Home News
Geelong Law Clinic opens to the community

The Deakin Law Clinic Geelong has been officially opened by Deakin University Vice-Chancellor Professor Iain Martin in a ceremony at the Waterfront campus.

The opening ceremony took place at the Law Clinic’s Waterfront offices, with a welcome given by Deakin Law School Dean, Professor Jenni Lightowlers. Attendees included members of the Geelong legal community and the Deakin Law School Advisory Board, Deakin Law School staff and Law Clinic students. 

Opening the Clinic, Professor Martin noted Deakin’s commitment to Geelong, and the South-West region.

‘We are so pleased to be able to provide legal help to the Geelong community – a need that has been exacerbated by the impact of the pandemic. The clinic will provide an opportunity to work with the Geelong legal profession – many of whom are alumni,’ he said.

‘This – like many of our other local initiatives and partnerships – is a long-term commitment and investment, providing legal help now directly through the clinic, and through creating a highly skilled graduate workforce for the future.’

Introducing the work of the Law Clinic, Principal Solicitor Michele Tucker said that since 2017, 670 students have completed a placement at Deakin Law Clinic and have provided legal assistance to clients in approximately 630 matters.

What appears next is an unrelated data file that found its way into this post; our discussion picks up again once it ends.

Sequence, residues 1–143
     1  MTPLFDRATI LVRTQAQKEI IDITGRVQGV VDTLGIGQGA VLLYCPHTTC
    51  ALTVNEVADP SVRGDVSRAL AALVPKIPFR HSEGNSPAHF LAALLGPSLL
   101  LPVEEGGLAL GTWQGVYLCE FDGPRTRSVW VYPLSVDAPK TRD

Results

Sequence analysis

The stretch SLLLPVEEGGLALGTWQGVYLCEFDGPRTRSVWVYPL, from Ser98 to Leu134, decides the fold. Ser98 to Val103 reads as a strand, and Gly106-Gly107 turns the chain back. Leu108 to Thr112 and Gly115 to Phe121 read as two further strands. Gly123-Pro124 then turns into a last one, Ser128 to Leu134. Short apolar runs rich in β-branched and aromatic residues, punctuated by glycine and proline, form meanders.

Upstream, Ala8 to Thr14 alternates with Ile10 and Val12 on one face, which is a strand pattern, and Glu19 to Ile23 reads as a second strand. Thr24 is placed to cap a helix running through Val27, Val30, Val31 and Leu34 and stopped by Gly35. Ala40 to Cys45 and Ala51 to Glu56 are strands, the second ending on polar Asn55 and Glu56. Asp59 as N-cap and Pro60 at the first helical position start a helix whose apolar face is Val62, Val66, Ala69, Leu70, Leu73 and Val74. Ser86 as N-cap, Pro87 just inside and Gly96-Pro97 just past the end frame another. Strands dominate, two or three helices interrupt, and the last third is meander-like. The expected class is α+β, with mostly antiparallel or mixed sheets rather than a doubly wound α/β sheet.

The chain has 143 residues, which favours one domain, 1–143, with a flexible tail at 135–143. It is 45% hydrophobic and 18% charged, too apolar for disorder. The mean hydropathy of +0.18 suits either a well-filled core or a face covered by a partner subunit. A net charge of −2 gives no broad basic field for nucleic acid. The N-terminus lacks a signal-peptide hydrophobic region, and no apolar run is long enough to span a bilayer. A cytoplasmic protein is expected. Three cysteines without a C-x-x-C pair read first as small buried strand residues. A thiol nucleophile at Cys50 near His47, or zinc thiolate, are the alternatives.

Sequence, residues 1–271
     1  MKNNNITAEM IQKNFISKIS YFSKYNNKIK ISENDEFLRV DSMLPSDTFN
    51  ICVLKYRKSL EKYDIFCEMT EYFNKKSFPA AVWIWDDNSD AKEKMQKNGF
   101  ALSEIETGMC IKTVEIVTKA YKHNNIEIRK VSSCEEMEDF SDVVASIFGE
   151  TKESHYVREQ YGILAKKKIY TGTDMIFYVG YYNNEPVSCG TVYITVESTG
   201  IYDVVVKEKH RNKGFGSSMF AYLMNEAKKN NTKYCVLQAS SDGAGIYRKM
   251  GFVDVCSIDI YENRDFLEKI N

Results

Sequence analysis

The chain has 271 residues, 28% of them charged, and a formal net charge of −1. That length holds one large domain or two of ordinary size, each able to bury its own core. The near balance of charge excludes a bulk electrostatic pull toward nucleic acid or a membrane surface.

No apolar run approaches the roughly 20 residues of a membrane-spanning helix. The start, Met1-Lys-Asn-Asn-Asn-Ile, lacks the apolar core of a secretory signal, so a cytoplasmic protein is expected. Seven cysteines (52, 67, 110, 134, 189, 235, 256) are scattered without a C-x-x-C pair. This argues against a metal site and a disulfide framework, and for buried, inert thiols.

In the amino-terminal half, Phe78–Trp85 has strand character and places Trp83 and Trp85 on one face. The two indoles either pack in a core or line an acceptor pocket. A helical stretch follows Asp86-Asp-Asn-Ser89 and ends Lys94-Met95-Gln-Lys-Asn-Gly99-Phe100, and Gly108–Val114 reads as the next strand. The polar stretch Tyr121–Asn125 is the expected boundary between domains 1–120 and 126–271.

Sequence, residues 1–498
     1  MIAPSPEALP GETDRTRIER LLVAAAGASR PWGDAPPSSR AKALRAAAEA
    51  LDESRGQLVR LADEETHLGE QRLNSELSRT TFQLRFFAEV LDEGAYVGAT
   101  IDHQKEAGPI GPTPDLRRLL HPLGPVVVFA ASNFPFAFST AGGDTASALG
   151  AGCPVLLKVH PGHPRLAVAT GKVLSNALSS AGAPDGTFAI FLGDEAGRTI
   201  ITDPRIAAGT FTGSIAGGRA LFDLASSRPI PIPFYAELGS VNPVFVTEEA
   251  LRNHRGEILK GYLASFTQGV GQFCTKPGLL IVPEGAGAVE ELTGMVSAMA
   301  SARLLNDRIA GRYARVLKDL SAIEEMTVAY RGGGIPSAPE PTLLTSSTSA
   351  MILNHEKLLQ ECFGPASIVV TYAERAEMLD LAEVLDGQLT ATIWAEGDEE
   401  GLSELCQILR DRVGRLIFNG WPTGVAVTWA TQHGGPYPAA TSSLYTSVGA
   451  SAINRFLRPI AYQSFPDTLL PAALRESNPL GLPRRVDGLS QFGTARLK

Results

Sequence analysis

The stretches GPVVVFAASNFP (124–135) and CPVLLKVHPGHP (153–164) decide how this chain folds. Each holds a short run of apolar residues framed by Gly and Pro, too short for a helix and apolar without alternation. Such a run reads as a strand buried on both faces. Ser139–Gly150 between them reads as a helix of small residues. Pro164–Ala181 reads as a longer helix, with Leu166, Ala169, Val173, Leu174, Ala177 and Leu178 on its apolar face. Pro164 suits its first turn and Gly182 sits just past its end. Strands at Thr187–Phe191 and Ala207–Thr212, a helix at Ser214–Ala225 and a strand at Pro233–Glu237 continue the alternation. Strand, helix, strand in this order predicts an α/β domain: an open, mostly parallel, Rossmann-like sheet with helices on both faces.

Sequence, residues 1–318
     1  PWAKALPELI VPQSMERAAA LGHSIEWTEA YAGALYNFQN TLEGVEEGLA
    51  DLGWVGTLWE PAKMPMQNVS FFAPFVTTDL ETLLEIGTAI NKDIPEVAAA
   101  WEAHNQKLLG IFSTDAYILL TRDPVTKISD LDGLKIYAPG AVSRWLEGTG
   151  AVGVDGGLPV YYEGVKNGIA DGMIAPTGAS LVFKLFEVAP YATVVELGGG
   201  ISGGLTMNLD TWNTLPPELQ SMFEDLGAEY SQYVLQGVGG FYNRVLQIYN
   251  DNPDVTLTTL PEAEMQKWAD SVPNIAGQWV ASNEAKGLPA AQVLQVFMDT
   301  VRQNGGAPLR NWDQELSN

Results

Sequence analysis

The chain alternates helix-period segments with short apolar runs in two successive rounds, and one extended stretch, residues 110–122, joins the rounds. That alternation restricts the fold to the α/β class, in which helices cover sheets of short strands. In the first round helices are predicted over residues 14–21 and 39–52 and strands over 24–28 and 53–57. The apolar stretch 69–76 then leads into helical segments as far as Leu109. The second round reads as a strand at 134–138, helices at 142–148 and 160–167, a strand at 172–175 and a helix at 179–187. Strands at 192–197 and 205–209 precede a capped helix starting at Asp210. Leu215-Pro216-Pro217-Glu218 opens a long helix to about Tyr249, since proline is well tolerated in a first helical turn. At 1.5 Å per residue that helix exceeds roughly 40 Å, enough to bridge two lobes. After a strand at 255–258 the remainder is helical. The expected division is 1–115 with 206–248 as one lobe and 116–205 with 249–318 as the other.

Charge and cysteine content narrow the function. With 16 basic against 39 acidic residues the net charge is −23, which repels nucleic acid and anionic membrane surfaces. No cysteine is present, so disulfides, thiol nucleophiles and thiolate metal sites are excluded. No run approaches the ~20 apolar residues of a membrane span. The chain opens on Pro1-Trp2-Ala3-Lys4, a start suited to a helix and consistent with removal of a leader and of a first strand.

‘We find in all practice areas, our students are really engaged, focused and invested in the outcomes of the client’s matter and there is no doubt that this is a result of the empathy and understanding our students demonstrate for our client’s difficult circumstances,’ she said.

‘Many students continue on as volunteers after their clinical placement, until the next intake commences.’

Practising lawyer and former Law Clinic student Phoebe Lawless-Pyne spoke of her clinic experience.

‘It can be difficult as a student to understand what is required of a lawyer in real life, but the clinic provides the perfect environment to learn how to apply the knowledge and skills learnt in our studies to actual situations with clients,’ she said.

‘At the clinic, we learnt how to manage files, how to take instructions from clients and work out how we could best assist them, how to provide advice to clients, and the importance of managing client expectations – especially when they may not like the advice we had to provide.

‘The most important thing I learnt at the clinic was the value of ensuring that every person in the community has access to legal support. Many people who need lawyers are dealing with some of the most stressful and difficult experiences of their lives. No one in that position should also have to worry about whether their economic position will impact their ability to access legal support when they need it most.’ 

Posted in News